Political parties oppose further division of Assam

Assam Chief Minister Tarun Gogoi has invited the All Bodo Students’ Union (ABSU) and the All Koch Rajbangshi Students’ Union (AKRSU) separately to discuss the statehood demands raised by them on Wednesday.

ABSU president Pramod Boro told The Hindu that the Kokrajhar Deputy Commissioner extended the invitation from the Chief Minister for a discussion at his official residence at Koinadhora in the city.

Mr. Boro said that the ABSU would urge the Chief Minister to arrange for tripartite talks between the Centre, the State government and the ABSU on the Bodoland demand within a week. “We are not going to call off the statehood agitation until and unless the Centre starts a tripartite discussion for the creation of a separate State of Bodoland on the line of Telangana,” added the ABSU president.

A 48-hour Assam Bandh called by the ABSU as part of its revived statehood movement affected normal life in Bodoland Territorial Area District (BTAD) for the second consecutive day. He said the ABSU would announce the next course of revived Statehood agitation after the Id.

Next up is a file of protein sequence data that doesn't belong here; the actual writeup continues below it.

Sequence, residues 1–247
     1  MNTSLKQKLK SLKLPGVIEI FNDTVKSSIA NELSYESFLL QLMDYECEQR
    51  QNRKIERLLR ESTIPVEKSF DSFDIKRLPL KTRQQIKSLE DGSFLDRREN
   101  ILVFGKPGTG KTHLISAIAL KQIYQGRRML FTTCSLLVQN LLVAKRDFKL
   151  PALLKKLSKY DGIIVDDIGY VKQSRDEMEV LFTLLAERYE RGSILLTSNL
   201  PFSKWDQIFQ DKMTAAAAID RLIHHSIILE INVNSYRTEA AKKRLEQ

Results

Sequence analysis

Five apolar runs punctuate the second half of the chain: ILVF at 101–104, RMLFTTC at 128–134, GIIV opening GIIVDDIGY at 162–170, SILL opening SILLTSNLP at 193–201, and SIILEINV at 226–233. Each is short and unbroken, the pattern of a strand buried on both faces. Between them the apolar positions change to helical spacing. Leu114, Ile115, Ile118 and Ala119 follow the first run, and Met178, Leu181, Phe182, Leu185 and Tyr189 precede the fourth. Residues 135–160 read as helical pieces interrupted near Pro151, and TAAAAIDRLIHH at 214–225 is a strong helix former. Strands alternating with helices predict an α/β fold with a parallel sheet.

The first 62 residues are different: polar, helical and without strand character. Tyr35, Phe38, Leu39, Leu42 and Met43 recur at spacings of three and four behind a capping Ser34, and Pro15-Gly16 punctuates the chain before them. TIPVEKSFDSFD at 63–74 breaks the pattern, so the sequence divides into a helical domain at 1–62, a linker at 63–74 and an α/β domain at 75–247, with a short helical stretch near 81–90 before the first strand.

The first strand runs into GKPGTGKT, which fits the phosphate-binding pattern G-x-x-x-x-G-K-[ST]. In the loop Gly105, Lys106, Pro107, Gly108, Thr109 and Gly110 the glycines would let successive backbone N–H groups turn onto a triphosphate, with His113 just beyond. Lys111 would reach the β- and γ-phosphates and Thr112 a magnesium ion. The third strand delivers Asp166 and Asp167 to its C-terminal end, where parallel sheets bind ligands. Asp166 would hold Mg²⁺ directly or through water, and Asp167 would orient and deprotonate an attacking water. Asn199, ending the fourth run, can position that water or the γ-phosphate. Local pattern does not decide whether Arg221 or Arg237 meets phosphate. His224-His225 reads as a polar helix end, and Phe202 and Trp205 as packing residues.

Mr. Gogoi has also invited leaders from the AKRSU at 10.30 a.m. to discuss its demand for the creation of a separate state of Kamatapur. AKRSU president Biswajit Ray said that the student body would also demand a tripartite discussion with the Centre.

Political parties, including the ruling Congress and the Opposition, on the other hand, opposed further division of Assam. The parties appealed to the government to immediately hold discussions with the organisations spearheading the statehood movement and refrain from any kind of repressive measure.

A meeting of Opposition parties convened by the Asom Gana Parishad (AGP) resolved that aspirations of any nationality or ethnic group could not be fulfilled through further division of Assam. The meeting chaired by AGP president Prafulla Kumar Mahanta alleged failure on the part of the State government to maintain law and order and sought intervention by the Centre.